At the first stages, all the participants in Guilford’s original study censored their own thinking by limiting the possible solutions to those within the imaginary square (even those who eventually solved the puzzle).Even though they weren’t instructed to restrain themselves from considering such a solution, they were unable to “see” the white space beyond the square’s boundaries.Management consultants in the 1970s and 1980s even used this puzzle when making sales pitches to prospective clients.
Solving this problem requires people to literally think outside the box.
Yet participants’ performance was not improved even when they were given specific instructions to do so.
Speakers, trainers, training program developers, organizational consultants, and university professors all had much to say about the vast benefits of outside-the-box thinking.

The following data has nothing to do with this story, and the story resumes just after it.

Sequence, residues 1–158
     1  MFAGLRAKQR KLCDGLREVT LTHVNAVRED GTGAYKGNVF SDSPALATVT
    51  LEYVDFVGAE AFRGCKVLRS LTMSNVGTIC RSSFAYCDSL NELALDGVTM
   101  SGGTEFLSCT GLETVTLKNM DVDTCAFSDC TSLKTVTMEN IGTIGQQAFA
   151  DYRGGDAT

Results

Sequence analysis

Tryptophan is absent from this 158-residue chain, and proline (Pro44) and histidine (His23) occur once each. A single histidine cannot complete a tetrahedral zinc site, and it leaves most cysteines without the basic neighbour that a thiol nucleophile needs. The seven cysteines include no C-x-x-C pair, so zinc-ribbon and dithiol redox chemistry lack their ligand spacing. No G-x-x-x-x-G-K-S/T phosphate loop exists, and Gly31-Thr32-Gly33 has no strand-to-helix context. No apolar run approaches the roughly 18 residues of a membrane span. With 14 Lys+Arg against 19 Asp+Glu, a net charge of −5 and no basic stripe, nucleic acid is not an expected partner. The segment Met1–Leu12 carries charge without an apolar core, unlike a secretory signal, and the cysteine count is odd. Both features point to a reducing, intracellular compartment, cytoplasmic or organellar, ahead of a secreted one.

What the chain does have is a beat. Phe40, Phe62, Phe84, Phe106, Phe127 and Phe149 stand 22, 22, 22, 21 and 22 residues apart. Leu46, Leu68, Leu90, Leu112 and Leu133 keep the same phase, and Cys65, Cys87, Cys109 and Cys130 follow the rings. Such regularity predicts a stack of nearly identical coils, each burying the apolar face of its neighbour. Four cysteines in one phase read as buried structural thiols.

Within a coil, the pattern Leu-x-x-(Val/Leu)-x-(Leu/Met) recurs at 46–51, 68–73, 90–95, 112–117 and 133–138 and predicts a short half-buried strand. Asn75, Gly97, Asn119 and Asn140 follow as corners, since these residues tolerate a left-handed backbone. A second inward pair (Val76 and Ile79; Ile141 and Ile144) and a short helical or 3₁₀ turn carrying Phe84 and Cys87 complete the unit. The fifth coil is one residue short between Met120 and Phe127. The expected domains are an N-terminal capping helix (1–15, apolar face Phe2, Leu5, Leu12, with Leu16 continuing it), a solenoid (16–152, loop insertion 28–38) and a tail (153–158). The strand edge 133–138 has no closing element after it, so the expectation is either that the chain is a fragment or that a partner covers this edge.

It was an appealing and apparently convincing message.
That is, direct and explicit instructions to think outside the box did not help.
That this advice is useless when actually trying to solve a problem involving a real box should effectively have killed off the much widely disseminated—and therefore, much more dangerous—metaphor that out-of-the-box thinking spurs creativity.Because they hadn’t, they were obviously not as creative or smart as they had previously thought, and needed to call in creative experts. The nine-dot puzzle and the phrase “thinking outside the box” became metaphors for creativity and spread like wildfire in marketing, management, psychology, the creative arts, engineering, and personal improvement circles.There seemed to be no end to the insights that could be offered under the banner of thinking outside the box.The idea went viral (via 1970s-era media and word of mouth, of course).Overnight, it seemed that creativity gurus everywhere were teaching managers how to think outside the box.Would you like to guess the percentage of the participants in the second group who solved the puzzle correctly?